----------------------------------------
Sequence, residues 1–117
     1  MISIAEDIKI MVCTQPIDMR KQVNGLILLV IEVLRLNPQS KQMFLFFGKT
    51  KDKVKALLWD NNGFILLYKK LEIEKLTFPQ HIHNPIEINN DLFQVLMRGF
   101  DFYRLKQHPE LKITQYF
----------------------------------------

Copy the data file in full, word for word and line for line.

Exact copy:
Sequence, residues 1–117
     1  MISIAEDIKI MVCTQPIDMR KQVNGLILLV IEVLRLNPQS KQMFLFFGKT
    51  KDKVKALLWD NNGFILLYKK LEIEKLTFPQ HIHNPIEINN DLFQVLMRGF
   101  DFYRLKQHPE LKITQYF